Apr 2010

Quick

Fings...

Most expensive platform to develop for?

Of the three platforms — Mac, iPad, and iPhone — which is most expensive to develop for?

I think the obvious response is to rank them just that way: Mac most expensive, with iPad and iPhone about the same (with iPad being just a little more since it’s bigger).

But I wonder — could it be that, speaking very generally, the most expensive is iPad, not Mac?

The iPad’s size means the apps may be close to desktop apps in terms of features. At the same time, there’s no doubt that user experience and graphic design are most critical on iPad.

Obviously there are all kinds of exceptions. But I think a compelling case could be made.

UIWebView fade animation tips

Say you want to fade between one UIWebView and another (as NetNewsWire/iPad does when switching articles, or going from article to web page or back). The first one fades to 0.0 alpha and then goes away. Two tips:

  1. The first one — the one going away — should be on top. (It should fade away, revealing the webview beneath.)

  2. It will look weird unless you set the background color of the first one (going-away-one) to UIColor clearColor.

Unofficial stuff around Voices That Matter this weekend

I’ve been getting questions about the unofficial side of things around the Voices that Matter conference. What’s going on at night?

Some answers:

Thursday April 22

Xcoders meeting followed by Cyclops for geek talk and food and/or drinks. Brad Ellis and I are doing an iPad UI Interactive Volcano Backup Plan Talk. Talking about NetNewsWire/iPad design plus other apps. (Fraser Speirs is volcano-locked, so we’re filling in as best we can. Wish Fraser could have made it.)

If you’ve never been to an Xcoders meeting — or you’re from out of town but are arriving in Seattle early — you’re totally encouraged to attend. There’s no official sign-up or anything like that: just show up.

Friday April 23

Lava Lounge starting at 7 pm. It’s entirely possible we could go MPU (Mobile Party Unit) after a couple hours — see the note about Twitter, below.

Saturday April 24

Shorty’s starting around 9 pm for pinball. (There’s a sponsored thing earlier for conference-goers.)

Bonus points

For late-breaking changes of venue or whatever, follow me on Twitter. I will not be offended if you follow me for the weekend and then unfollow.

All locations (except for Xcoders meeting) are in Belltown, which is convenient for conference-goers. (Xcoders meeting is downtown. Not much farther.)

Show business

I can’t remember when it first dawned on me that app development is a form of show business.

But I was thinking about it when I started NetNewsWire for iPad. I remember thinking that it could be years before I get the next chance to create a brand-new app. So I decided to save screen shots of the app as it was getting built — and also to save mockups for a from-the-cutting-room-floor set.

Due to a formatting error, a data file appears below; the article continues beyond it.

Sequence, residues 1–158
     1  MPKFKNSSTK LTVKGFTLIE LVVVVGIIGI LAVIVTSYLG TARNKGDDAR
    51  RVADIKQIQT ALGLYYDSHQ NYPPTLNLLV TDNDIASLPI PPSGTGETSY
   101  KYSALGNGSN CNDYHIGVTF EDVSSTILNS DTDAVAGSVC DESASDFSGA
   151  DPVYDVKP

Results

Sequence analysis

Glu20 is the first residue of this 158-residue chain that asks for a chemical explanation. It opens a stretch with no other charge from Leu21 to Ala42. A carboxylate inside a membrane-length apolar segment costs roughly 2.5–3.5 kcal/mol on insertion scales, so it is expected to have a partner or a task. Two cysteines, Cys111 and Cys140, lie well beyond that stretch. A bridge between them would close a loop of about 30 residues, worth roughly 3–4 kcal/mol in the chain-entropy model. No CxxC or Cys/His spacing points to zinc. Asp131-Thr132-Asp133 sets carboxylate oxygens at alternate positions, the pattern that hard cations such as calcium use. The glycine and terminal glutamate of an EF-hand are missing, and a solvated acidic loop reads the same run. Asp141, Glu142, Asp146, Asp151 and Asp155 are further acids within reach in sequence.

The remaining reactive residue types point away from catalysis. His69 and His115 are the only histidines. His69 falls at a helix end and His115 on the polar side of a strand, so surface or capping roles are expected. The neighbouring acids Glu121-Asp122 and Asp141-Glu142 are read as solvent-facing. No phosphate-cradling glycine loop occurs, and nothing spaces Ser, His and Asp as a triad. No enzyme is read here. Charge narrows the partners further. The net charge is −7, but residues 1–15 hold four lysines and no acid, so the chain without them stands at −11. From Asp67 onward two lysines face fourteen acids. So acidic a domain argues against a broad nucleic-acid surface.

Think of it as the DVD Extras.

There’s more I want to do — commentary, especially, on the design and coding process. The iPad is still so new, and it’s a fascinating thing, so I definitely want to write more about it. But, for now, there are screen shots. (And I have to work on my software, not just write about it.)

Of the things that didn’t make it, this is the one I wish that had made it. We’d have added Nick Harris to the credits list, since he did a ton of great work. (Many of the animations, for instance, are his work.)

Dedication (needed to add Nick Harris)

This dedication and credits was going to be tucked-away in a specific feature — but that feature got cut the night before we called it finished.

The other goal

Posting these screen shots is not just about having something more to look at — there’s a little bit of a teaching goal. For at least a decade I’ve been interested in teaching non-developers what it’s like to make software.

The average person probably knows a ton more about about making movies than about making software. As much as we totally love movies, we note that software plays a really important role in day-to-day life. And yet its creation is mysterious to millions (billions, prolly) of people who rely on software.

It shouldn’t be such a mystery. It’s not magic, it’s just work. But interesting and fun work.

And it’s the closest thing to show business we geeks have. It’s how we rock.

Tip for one of those slightly-awkward conference situations

Here’s a situation that came up at the 360 iDev conference: at the end of Colin Donnell’s presentation, other developers from the audience came up to talk about the design of their apps.

But it’s supposed to be informative and interesting, not a sales pitch, right? Absolutely. So everybody feels just a little awkward at that moment.

So here’s what to do: if you’re a developer showing off your app, start off by saying that everybody in the room who wants a promo code can have one. Just see you after and give you a card or scrawled-on-a-napkin email address or whatever.

That takes the sales-y thing out of the room. All good.

And it might not hurt that the people who then get free copies tell their friends about how it’s a cool app — which they’re more likely to do since they’ve heard you talk about it and explain it, and they’ve seen your passion for what you do.

All good, right?

Now if only promo codes could also bring world peace, we’d be set. :)

More 360, free ticket to VTM

There’s more 360 iDev coverage on the TapLynx weblog. Extreme sumo take-downs included.

Also — you can win a free ticket to the Voices that Matter conference in Seattle just by doing a re-tweet: see @taplynx on Twitter for details. (Not the topmost tweet by now, but you’ll find it.) Seriously. Free ticket.

Notes on being a nice person online who sells software

This originally started out as an internal memo about marketing, but I’m posting it here instead.

Marketing isn’t a bad word. But the word “marketing” can cheapen real experiences. This is really about being a nice person.

Here’s my theory: you are a nice person

If you’re not, then stop reading right here, you jerk, so I can be right.

The second part of my theory: you’re a nice person, but you wouldn’t mind some tips on how to express it.

Complainy people rarely achieve in this business. People hate “whiny developers” — as if they’re particularly prone compared to other people (they’re not; they’re less prone, I believe).

They also hate “arrogant developers” — again, as if it’s an epidemic (it’s so totally not). If anything, lots of developers under-value themselves and their work. (That’s the real, and sad, epidemic.)

So here goes, in random order, some human-to-human interface guidelines:

If someone reviews your software in a publication or weblog, thank them